If you drive around Bakersfield, it’s not hard to see how upset the Bakersfield Police Officers Association is with the city about recent contract negotiations.
Almost a dozen billboards have gone up stating some city managers got a 19% pay increase, but police officers have received nothing since 2007.
And the billboards are showcasing the frustration the union has with the city.
"We've gone six years without a contract and not having a salary increase and the police officers in this city are extremely frustrated with the city,” said Detective Todd Dickson, President of the Bakersfield Police Officers Association.
But the city says the signs are not giving the whole message.
They are misleading, they don't give the full picture which is the reason why those employees have not received those cost of living increases,” said Assistant City Manager Steven Teglia.
After negotiations broke down in 2007 and the economy crashed, the BPOA hasn’t had a contract with the city.
The two sides resumed talks earlier this year.
The BPOA is demanding a 12% salary increase going forward and retroactive pay.
"The men and women of the BPOA know they saved the city millions and millions of dollars over the last four years by forgoing these raises and by not getting them. Now it's time for the city to make it right," Dickson said.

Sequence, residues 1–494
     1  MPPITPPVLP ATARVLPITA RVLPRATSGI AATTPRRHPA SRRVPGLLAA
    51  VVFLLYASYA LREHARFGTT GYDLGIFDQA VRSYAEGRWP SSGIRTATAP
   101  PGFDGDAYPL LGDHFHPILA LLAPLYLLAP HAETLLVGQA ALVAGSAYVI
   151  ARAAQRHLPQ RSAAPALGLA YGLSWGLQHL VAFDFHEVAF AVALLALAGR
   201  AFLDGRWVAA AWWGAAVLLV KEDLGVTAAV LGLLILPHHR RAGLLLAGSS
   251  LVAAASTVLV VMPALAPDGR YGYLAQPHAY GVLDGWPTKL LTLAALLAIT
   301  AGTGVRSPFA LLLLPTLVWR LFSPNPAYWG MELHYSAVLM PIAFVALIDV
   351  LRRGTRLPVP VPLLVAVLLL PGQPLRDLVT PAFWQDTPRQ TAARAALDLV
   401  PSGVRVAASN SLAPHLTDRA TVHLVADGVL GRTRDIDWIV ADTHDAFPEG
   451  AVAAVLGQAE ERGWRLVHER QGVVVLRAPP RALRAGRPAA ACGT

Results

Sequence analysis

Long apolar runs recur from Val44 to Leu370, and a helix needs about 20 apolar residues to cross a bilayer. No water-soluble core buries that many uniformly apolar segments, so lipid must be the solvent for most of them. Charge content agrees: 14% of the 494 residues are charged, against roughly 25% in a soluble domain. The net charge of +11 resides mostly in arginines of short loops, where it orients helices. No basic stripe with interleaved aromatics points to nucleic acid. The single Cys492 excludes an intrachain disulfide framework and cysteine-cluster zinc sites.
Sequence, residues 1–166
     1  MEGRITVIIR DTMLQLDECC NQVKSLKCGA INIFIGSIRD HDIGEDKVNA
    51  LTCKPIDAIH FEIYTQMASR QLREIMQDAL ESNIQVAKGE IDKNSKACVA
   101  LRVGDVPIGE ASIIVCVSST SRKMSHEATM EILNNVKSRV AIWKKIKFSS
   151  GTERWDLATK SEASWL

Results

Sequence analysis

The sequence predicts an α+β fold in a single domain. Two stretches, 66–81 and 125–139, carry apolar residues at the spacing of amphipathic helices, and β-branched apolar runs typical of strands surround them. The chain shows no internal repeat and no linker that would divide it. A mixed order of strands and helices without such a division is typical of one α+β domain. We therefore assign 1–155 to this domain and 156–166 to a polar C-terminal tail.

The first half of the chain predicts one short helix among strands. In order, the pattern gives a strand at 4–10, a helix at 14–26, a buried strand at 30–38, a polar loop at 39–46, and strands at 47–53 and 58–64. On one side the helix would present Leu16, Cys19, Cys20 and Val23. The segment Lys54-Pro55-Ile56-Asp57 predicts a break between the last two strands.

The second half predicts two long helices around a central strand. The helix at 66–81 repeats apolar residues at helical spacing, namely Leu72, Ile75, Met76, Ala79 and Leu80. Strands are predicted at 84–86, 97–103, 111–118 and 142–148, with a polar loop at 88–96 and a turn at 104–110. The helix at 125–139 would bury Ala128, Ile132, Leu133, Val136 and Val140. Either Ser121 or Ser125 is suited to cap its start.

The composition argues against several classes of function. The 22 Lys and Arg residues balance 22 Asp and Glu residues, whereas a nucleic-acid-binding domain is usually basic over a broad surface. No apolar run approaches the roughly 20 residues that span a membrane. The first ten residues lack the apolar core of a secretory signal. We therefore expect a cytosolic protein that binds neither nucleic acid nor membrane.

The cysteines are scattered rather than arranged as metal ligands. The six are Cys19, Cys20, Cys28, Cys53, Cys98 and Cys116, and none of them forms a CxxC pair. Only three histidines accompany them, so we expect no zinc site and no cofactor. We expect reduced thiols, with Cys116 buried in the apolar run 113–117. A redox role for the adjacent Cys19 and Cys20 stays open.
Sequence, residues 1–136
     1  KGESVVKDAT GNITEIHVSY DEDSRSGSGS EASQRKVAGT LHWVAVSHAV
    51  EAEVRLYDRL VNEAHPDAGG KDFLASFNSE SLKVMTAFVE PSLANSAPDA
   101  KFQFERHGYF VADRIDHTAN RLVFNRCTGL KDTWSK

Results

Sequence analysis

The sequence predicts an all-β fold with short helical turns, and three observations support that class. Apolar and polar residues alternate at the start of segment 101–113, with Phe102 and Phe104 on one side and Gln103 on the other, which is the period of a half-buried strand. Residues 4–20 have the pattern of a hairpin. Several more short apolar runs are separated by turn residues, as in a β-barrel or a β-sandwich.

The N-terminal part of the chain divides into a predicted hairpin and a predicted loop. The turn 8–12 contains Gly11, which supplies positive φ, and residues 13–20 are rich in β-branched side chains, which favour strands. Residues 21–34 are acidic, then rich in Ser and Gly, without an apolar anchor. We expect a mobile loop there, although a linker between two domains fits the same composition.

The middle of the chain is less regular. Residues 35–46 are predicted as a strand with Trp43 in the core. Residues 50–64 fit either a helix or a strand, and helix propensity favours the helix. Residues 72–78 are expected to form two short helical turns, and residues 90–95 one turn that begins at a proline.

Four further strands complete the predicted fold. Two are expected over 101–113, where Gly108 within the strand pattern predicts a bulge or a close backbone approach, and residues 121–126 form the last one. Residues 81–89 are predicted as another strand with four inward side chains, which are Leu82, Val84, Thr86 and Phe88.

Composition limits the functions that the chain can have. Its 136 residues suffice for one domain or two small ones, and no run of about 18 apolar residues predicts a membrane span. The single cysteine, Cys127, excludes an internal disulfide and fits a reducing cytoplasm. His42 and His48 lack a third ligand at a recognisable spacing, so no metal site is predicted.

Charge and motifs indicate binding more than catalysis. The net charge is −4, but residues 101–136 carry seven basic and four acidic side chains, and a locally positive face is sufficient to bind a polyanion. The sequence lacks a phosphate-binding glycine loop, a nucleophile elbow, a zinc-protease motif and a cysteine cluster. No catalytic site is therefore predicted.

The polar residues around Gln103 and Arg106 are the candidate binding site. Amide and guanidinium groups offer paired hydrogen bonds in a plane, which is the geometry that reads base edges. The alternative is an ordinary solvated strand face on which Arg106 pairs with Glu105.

The city has its own 6% offer on the table.
And considering the financial shape of other cities in California, city officials say the offer is fair.
"In most other jurisdictions, negotiations include give backs, status quo agreements with no cost of living adjustments," Teglia said.
But the BPOA is pointing out the pay difference between officers in Bakersfield and similar-sized communities.
For example, a Bakersfield officer with five years of experience makes about $5,100 a month.
In places like Fresno and Modesto, it’s closer to $6,100 per month.”
“When they can go somewhere else and get a thousand dollars more a month and the housing is similar, than you're going to lose those people,” Dickson said.
The BPOA says on average, their officers are paid about 30% less than those in similar areas.
But the city says many of those same places are also facing budget problems because of fiscal irresponsibility while Bakersfield’s budget is balanced.
Some of those cities are in bankruptcies, some are facing serious deficits,” Teglia said.
Now if the two sides can’t reach an agreement, the two groups will come to an impasse and a mediator will have to decide what a fair contract would be.
It’s unknown how close that possibility is, but the BPOA says it is possible it could happen before the end of the year.